Title: The Fountains of Silence Author: Ruta Sepetys Rating Out of 5: 4.5 (Amazing, but not quite perfect) My Bookshelves:Historical fiction, Romance, War Dates read: 14th – 15th August 2021 Pace: Medium Format: Novel Publisher: Penguin Books Year: 2019 5th sentence, 74th page: He’s about to reach for his camera when he hears the laugh.
‘TRUTH BREAKS THE CHAINS OF SILENCE’
Daniel, young, wealthy and unsure of his place in the world, views the city through the lens of his camera.
Ana, a hotel maid whose family is suffering under the fascist dictatorship of General Franco.
Lives and hearts collide as they unite to uncover the hidden darkness within the city.
A darkness that could engulf them all…
This is one of those “holy crap” “wow” “Oh My God” kind of stories. I had no idea if I was going to like this when I first started it… but then I got my teeth hooked in… and… I just can’t even. I pretty much read this whole 500 page book in one sitting. It was just impossible to put down, look away, forget about. And then, like the fool that I am, I finished it late at night and couldn’t sleep. Because. So many thoughts. Too many thoughts.
I think the thing that really threw me about this book was the fact that a lot of the history in this book is only recently coming to light. The fact that an estimated 300,000 babies were taken from their parents and put up for adoption (after telling the parents that they had died) is… unfathomable. And it happened RECENTLY. It’s not a part of history that we can say, oh, that was another time, it happened forever ago. It happened in the past forty-odd years. And it’s only just coming to light and people are only just being bought to task for what they’ve done… it’s… unfathomable. Like, my brain literally cannot grasp this fact.
There is a sweet romance throughout this story. It’s not at the forefront and it’s not as in your face as the actual romances that I read. But it is incredibly sweet. Ana and Daniel are that quintessential falling in love when young romance. That one that sticks with you for the rest of your life. Some of us are lucky and find that we are actually going to spend the rest of our lives with that person. But the others? Well, it’s those stolen moments in time, in this one summer that Ana and Daniel are able to spend together.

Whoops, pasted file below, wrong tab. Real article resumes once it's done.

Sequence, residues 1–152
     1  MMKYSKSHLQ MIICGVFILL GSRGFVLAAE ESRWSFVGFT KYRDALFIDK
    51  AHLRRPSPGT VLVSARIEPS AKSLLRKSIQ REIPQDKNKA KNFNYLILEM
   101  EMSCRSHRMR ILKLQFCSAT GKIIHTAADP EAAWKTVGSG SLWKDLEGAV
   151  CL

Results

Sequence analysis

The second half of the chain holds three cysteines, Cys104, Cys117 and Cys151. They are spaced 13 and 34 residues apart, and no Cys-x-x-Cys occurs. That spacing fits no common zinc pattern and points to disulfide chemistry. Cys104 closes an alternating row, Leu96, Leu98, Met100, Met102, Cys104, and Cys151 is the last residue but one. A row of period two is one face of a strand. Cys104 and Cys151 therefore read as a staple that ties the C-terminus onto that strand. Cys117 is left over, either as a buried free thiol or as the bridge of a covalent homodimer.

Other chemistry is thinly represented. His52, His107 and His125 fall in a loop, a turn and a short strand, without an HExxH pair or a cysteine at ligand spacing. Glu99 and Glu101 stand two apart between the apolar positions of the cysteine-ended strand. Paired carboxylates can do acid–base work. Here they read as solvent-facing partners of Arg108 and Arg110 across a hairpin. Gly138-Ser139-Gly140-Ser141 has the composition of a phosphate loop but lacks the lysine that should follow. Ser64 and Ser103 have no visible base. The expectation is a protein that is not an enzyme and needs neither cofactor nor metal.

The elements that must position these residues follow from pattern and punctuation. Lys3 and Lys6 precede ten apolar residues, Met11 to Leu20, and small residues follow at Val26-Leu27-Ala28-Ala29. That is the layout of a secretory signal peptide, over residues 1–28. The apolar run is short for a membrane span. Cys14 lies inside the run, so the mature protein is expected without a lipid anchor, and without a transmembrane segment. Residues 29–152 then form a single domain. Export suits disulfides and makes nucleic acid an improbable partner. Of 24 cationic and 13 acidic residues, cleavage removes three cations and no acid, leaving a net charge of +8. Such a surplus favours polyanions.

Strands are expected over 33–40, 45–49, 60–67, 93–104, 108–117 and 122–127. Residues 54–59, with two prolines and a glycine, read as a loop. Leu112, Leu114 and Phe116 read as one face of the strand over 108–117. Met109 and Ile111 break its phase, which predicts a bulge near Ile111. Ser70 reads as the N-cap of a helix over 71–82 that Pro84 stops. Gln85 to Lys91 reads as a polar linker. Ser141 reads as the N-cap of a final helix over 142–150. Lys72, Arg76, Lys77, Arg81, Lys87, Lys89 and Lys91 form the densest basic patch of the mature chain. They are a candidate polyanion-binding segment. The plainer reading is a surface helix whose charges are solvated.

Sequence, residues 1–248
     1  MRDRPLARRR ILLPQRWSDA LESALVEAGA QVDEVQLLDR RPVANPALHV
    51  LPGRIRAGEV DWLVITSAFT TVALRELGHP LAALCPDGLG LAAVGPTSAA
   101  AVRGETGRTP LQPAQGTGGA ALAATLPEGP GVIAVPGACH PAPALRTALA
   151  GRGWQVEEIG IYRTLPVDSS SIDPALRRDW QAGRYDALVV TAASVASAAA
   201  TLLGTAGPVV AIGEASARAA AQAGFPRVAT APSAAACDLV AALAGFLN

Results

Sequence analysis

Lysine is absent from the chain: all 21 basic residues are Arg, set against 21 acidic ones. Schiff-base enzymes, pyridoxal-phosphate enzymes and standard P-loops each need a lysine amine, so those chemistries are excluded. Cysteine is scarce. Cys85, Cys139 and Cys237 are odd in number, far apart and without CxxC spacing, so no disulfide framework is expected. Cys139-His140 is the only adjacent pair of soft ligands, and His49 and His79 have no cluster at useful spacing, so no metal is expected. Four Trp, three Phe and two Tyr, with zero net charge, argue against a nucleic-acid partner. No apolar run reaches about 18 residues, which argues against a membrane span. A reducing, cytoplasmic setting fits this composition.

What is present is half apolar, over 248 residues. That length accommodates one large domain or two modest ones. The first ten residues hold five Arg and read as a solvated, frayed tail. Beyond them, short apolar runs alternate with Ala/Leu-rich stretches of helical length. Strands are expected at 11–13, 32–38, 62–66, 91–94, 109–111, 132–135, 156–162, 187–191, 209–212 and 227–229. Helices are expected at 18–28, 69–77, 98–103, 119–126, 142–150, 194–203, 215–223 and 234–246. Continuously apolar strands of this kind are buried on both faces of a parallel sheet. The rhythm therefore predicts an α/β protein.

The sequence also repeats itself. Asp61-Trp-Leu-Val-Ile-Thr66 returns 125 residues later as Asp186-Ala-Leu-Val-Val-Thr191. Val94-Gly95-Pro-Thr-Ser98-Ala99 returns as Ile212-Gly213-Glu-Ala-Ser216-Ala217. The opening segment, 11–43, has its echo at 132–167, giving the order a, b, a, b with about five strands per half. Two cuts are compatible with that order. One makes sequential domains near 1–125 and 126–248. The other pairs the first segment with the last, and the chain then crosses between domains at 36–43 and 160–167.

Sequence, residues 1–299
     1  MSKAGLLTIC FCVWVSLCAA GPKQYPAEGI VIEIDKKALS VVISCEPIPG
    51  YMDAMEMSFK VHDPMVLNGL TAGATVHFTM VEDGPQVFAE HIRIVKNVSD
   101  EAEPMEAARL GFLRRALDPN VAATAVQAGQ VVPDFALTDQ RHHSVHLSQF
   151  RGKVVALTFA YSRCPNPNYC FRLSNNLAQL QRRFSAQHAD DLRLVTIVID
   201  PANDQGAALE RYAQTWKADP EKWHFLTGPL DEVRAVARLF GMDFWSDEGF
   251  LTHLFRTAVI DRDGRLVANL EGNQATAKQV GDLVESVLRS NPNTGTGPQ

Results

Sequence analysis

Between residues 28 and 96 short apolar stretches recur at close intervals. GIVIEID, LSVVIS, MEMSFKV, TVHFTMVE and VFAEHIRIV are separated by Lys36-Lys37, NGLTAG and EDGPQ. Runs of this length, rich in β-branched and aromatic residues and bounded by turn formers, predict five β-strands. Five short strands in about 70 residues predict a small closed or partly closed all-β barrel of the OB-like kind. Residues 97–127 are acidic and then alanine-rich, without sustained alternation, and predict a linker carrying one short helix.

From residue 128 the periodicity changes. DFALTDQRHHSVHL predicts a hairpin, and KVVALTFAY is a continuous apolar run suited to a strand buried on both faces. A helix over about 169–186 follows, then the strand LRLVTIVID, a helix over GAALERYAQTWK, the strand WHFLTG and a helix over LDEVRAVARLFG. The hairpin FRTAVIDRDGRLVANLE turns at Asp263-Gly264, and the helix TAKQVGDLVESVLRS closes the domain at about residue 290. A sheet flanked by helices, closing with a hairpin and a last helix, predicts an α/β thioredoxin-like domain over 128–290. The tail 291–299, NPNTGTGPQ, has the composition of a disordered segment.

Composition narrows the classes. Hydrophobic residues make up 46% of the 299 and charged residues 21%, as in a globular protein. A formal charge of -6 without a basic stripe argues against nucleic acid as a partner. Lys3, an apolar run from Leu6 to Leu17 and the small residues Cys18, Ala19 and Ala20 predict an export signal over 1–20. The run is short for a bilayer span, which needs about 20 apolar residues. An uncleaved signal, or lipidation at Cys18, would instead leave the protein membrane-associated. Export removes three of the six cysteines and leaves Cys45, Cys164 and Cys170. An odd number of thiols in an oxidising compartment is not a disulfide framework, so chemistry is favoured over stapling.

This is a brilliant story. It is filled with history and the darker parts of our recent past that need to be bought to light. There is an intense feeling of humanity and intensity throughout that plucks at your heart strings. You can’t stop reading and look away from the pages. There is mystery and horror, all lightened by the love, both romantic and familial that ties all of these amazing characters together.
Title: The Phoenix’s Fault Author: Cynthia So In: Proud (Juno Dawson) Rating Out of 5: 5 (I will read this again and again and again) My Bookshelves:Chinese mythology, LGBTQI, Romance Dates read: 15th August 2021 Pace: Medium Format: Short story Publisher: Little Tiger Year: 2019 5th sentence, 74th page: An infinite variety of them, as manifold as human hearts.
All those with a phoenix are supposed to present themselves to the Emperor and his dragon. But Chilli Oil and her owner don’t want to do that… they’ve got their heart set on someone else.
There was a great intersection of Chinese mythology in this story. The use of the dragon and phoenix as symbols of marriage and happiness. What I enjoyed most though was the way in which the author was able to use this symbol to show another kind of marriage and happiness.
I desperately was hoping for a happy ending to this story. Considering the collection it was in, I thought it might happen. But, honestly, up until I turned that final page… I just wasn’t sure.